Additional file 6. The IKK/NF-κB signaling causal network model. The full causal model is given (top), along with a schematic of the basic model architecture (middle). CHUK, IKBKB, and IKBKG act as inhibitors of NFKBIA, NFKBIB, and NFKBIE, which are in turn inhibitors of NFKB1, NFKB2, and RELA. The nodes used in the model are listed under each section. The nodes in bold represent nodes that have downstream gene expression measurables in the knowledgebase, and the number of measurables is given in the square brackets (because the same downstream may be found under multiple nodes, these 1227 downstream measurables correspond to 992 unique measurables). The notations used in the knowledgebase are as follows: “CHUK P@S” represents CHUK phosphorylated at serine (where the residue is given if known), “CHUK P@ST” represents CHUK phosphorylated at serine or threonine (the exact residue is unknown), “kaof(CHUK)” represents the kinase activity of CHUK, “CHUK:IKBKB” represents the complex of CHUK and IKBKB proteins, “IkappaB kinase complex Hs” represents an aggregate of the various IκB kinases (CHUK, IKBKB, and IKBKG) in Homo sapiens (Hs), “degradationof(NFKBIA)” represents the process of NFKBIA degradation, and “taof(NFKB1)” represents the transcriptional activity of NFKB1.

Format: EPS Size: 1.2MB Download fileOpen Data

Additional file 7. The TNF HYP. Each row of the table contains a causal statement extracted from the Selventa Knowledgebase and describes a gene known to be modulated by the TNFα treatment of cells.

Format: XLS Size: 523KB Download file

This file can be viewed with: Microsoft Excel ViewerOpen Data

The IKK/NF-κB signaling HYP and TNF HYP give insight into the behaviors of HYPs at different levels of proximity to the measurements. The IKK/NF-κB signaling HYP is primarily composed of genes that are regulated (either directly or indirectly) by NF-κB (Additional file 6), and it produced a pattern of response that is very similar to the NF-κB-direct HYP (Figure 2b). This similar pattern of response suggests that there is not a large difference between the population-level behavior of genes that are known to be directly regulated by a transcription factor and the behavior of genes where knowledge of direct regulation is unknown. The time- and dose-dependent response that was seen for the NF-κB-direct HYP appears somewhat less robust in the TNF HYP (Figure 2c), for example at the 30 minute time point, but again the four methods produced very similar responses. Thus, although the general pattern of response was well-preserved among the HYPs, minor but noticeable differences in response can be observed in HYPs that are less proximal to the measurements.

NPA scoring detects limited cross-talk between NF-κB and cell cycle signaling

To assess the ability of HYPs to respond specifically to relevant TNFα signaling perturbations, a HYP was constructed for a key cell-cycle component, the transcription factor E2F1 (Additional file 8), with the assumption that E2F1 is a less direct effector of TNFα signaling compared to NF-κB. The E2F1-direct HYP is composed of 80 genes (curated from 54 different references) known to be directly regulated by E2F1 (expression controlled by E2F1 and promoter sequence bound by E2F1). The E2F1-direct HYP showed a dose-dependent decrease in score for MASS at the 2, 4, and 24 hour time points, and for Strength and GPI at the 24 hour time point (Figure 2d). Consistent with this predicted decrease in cell cycle progression, CellTiter-Glo® measures of cell number found no appreciable increase in cell number after 24 hours of TNFα treatment (Additional file 9). Further verification of these conclusions could be performed, for example, by measuring the cell cycle progression of the sample populations via flow cytometry.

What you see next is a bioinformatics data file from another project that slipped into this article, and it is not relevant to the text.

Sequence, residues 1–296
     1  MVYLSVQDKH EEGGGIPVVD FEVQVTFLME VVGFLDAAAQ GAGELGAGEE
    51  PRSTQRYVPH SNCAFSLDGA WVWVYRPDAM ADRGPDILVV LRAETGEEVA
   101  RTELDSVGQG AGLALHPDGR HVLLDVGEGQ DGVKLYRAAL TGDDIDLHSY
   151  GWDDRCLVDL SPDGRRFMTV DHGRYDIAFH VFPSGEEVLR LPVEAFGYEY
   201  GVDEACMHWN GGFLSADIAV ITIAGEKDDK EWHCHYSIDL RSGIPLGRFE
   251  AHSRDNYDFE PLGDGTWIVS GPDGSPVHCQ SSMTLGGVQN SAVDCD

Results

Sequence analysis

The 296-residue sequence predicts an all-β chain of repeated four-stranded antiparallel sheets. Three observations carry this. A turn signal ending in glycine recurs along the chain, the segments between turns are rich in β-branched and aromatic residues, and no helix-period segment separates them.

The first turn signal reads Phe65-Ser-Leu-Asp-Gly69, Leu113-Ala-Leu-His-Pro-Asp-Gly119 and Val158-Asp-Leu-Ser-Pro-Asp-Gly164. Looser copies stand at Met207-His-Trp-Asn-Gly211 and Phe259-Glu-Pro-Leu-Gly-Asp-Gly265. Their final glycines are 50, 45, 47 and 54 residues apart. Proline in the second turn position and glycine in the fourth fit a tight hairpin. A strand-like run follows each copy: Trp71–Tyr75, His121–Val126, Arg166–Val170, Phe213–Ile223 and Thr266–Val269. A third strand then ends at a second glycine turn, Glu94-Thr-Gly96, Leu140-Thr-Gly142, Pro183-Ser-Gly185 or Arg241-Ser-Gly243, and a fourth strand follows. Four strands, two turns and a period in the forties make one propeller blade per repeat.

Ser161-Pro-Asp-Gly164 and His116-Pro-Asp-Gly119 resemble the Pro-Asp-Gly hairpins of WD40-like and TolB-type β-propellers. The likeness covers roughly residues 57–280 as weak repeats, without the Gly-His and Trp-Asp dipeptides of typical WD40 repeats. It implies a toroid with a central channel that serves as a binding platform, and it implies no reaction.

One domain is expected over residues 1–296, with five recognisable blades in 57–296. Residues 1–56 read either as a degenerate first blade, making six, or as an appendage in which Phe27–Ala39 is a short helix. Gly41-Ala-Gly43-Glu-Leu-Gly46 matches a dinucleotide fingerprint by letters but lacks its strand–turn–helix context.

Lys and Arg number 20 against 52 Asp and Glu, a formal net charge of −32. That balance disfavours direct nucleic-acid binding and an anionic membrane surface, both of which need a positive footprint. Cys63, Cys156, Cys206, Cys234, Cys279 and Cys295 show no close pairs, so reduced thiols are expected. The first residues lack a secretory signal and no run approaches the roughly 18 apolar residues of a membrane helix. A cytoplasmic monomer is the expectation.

Additional file 8. The E2F1-direct HYP. Each row of the table contains a causal statement extracted from the Selventa Knowledgebase and describes the connection between E2F1 and one of its direct target genes.

Format: XLS Size: 32KB Download file

This file can be viewed with: Microsoft Excel ViewerOpen Data

Additional file 9. CellTiter-Glo® measurements of cell numbers. CellTiter-Glo® fluorescence measurements of cell number after 24 hours of NHBE cell treatment with various doses of TNFα. Fluorescence intensity is reported as a percentage of the mock-treated sample, and error bars represent the standard deviation of the fluorescence intensity for three different fields of view of the same population of cells.

Format: EPS Size: 441KB Download fileOpen Data

In order to provide a comparison of NPA results for biology not directly related to NF-κB signaling, the NPA response of the four HYPs introduced above (NF-κB-direct, IKK/NF-κB signaling, TNF, and E2F1-direct) were assessed in response to inhibition of cell cycle progression via a CDK inhibitor. Specifically, a publicly available microarray data set was used for treatment of HCT116 colon cancer cells with three different concentrations of the CDK inhibitor R547 (GSE15395) [15] (Figure 3). All four NPA methods demonstrated dose- and time-dependent decreases in the E2F1-direct HYP score at the 4 hour, 6 hour, and 24 hour time points. The TNF HYP showed a similar pattern of response as the E2F1-direct HYP, however few of the scores passed the Specificity criterion. This suggests that some of the genes in this HYP are cell cycle regulated, but are not sufficient in number to pass the Specificity criterion. In contrast, the NF-κB-direct and IKK/NF-κB signaling HYP scores did not display this same dose- and time-dependent pattern, indicating that these focused HYPs potentially contain few cell cycle regulated genes. However, the scores for the two NF-κB HYPs showed significant increases at the 6 hour time point (NF-κB-direct HYP) and the 24 hour time point (NF-κB-direct and IKK/NF-κB signaling HYPs), suggesting that NF-κB may perhaps be activated by cell cycle arrest (for example, [20]). Furthermore, the pattern of scores for the NF-κB-direct and IKK/NF-κB signaling HYPs were significantly different for the CDK-inhibition data set, indicating that these HYPs will not produce near-identical patterns of scores under circumstances where NF-κB is not activated or is perhaps regulated in a complex manner.